A lot or a little?
The parents' guide to what's in this music.
What parents need to know
Parents need to know that for the most part this album is rather tame, but there are a few tracks on here that might raise some eyebrows when it comes to sexy lyrics. Although there's nothing really explicit, Lambert does sing about some mature subject matter, like a ménage à trois and mixes talk of pleasure and pain together in a seductive way. Having caused quite the controversy at the American Music Awards for his performance, which included kissing a guy and a brief move that simulated oral sex, it should be noted that this album is far less scandalous than this one performance.
- Parents say
- Kids say
What's the story?
American Idol's season eight runner-up dishes up a collection of over a dozen songs about love, lust, and coming out (well, sort of) on FOR YOUR ENTERTAINMENT. Lambert sings (and often squeals) about wanting to break free and embrace his true identify while remaining upbeat on this fast-paced dance/pop album. Some big names help with this musical introduction, with songwriting credits given to everyone from Lady GaGa to Pink.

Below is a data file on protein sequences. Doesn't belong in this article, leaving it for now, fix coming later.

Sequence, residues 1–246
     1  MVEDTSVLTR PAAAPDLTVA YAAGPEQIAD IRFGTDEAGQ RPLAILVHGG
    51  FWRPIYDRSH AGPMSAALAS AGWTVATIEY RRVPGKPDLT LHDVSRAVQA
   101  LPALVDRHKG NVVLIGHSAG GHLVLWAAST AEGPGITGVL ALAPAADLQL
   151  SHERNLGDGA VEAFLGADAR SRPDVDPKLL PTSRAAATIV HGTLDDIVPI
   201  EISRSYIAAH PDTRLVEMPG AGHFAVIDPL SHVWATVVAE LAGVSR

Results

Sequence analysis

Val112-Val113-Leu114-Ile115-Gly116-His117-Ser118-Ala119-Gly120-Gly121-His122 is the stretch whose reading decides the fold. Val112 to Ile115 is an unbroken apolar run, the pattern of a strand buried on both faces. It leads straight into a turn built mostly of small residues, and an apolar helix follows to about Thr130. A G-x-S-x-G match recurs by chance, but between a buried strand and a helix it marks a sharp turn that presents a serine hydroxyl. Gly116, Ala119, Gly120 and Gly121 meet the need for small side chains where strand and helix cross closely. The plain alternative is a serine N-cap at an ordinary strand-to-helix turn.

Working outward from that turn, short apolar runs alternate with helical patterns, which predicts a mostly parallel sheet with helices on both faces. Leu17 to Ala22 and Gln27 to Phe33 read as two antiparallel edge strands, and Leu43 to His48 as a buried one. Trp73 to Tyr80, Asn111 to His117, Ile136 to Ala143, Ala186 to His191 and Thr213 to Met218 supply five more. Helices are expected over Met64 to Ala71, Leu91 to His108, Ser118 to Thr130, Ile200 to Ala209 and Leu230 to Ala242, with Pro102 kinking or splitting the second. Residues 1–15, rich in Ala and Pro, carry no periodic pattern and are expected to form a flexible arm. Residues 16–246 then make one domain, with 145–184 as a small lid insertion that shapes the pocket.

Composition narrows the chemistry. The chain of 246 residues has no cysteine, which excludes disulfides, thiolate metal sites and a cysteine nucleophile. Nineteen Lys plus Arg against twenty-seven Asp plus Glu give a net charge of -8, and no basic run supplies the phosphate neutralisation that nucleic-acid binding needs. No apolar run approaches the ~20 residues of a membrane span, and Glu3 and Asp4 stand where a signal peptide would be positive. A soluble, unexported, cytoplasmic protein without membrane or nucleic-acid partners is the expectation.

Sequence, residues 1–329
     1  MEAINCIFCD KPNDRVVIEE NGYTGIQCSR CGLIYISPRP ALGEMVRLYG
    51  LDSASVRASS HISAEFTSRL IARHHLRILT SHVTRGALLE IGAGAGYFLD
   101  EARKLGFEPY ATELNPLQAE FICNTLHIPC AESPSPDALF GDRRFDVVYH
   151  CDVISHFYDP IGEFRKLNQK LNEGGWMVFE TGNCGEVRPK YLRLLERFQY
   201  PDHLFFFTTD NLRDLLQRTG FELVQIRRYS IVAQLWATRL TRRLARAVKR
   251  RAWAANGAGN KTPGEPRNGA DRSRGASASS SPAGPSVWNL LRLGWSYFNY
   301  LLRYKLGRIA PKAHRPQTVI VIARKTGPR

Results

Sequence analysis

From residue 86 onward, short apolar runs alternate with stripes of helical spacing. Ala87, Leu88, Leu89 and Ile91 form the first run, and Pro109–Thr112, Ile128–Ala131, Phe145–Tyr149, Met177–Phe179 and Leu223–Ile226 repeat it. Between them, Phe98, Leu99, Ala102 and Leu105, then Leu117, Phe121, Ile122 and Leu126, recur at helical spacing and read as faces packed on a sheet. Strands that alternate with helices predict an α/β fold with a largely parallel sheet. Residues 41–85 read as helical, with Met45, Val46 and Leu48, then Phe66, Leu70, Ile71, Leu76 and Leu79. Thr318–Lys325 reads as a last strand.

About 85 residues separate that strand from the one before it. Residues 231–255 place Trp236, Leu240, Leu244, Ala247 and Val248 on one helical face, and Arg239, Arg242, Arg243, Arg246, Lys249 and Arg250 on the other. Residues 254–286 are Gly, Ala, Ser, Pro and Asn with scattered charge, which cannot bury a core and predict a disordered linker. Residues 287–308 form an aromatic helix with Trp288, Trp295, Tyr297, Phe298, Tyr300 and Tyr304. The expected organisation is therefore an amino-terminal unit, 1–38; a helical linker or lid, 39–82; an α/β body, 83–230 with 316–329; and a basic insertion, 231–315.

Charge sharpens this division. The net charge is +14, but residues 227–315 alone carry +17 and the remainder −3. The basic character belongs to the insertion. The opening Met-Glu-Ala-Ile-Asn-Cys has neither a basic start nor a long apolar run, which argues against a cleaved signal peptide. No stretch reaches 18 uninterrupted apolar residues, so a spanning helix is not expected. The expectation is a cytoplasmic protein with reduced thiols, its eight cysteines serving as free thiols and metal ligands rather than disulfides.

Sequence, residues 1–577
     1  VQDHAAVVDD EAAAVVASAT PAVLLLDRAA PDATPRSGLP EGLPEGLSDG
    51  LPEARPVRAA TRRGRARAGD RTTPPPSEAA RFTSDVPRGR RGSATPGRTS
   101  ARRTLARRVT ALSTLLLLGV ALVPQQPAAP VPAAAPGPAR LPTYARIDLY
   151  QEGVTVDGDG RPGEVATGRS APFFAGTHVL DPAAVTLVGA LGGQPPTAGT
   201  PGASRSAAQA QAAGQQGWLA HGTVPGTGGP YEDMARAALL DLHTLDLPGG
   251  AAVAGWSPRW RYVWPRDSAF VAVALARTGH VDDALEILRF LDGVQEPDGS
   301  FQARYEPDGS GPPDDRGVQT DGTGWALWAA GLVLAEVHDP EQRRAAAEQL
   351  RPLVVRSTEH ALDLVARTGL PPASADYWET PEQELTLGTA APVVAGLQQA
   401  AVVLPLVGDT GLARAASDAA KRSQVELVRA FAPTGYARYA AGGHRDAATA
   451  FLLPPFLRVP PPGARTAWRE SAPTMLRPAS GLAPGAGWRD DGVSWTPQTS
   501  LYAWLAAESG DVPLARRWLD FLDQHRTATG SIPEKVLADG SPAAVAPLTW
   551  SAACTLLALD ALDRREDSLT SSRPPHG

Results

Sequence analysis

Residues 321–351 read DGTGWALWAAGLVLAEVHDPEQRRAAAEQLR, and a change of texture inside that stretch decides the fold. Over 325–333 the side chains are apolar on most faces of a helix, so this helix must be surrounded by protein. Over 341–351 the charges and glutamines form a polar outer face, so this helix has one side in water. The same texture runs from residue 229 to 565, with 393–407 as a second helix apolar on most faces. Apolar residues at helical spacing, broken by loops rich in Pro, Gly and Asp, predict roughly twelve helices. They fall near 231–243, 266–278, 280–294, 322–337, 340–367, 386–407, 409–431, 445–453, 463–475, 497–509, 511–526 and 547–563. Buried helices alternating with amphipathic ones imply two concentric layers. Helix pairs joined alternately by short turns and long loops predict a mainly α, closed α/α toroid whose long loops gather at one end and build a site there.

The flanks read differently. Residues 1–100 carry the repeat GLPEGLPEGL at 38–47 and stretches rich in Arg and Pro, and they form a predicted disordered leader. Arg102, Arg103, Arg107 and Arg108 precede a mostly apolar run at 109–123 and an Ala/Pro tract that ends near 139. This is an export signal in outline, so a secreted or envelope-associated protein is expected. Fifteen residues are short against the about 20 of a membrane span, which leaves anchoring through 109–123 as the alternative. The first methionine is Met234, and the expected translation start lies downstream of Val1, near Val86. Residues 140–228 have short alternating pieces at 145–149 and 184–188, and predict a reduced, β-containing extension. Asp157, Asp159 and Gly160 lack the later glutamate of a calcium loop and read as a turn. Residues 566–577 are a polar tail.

Is it any good?
AI alums aren't known for their artistic daring or musical drama, and that's what makes Adam Lambert's debut so refreshing. Here's one Idol that's willing to stir the pot and spice things up with his sassy spirit and impish playfulness. That persona is in fine form on tracks like "Whataya Want From Me?," "Strut," and "Sleepwalker." From belting out operatic notes to getting down with dance-floor beats, Lambert creates a glam rock/ retro pop album that's deliberate and cohesive. This is one Idol that definitely has something to say, and it's a pleasure to listen.
Talk to your kids about ...
Families can talk about Adam Lambert's American Music Awards performance. Do you think the act was too much for younger audiences? Should the guy-on-guy kiss be attracting so much controversy? How do you think it compares to the kiss between Madonna and Britney Spears? Is there a double standard? Is it easier to accept women being sexual with each other as opposed to men? How is homosexuality generally portrayed in the media?
On one song Lambert sings about how love is more important than money and fame. Do you think the media encourages this idea? Can you think of instances where the exact opposite is shown?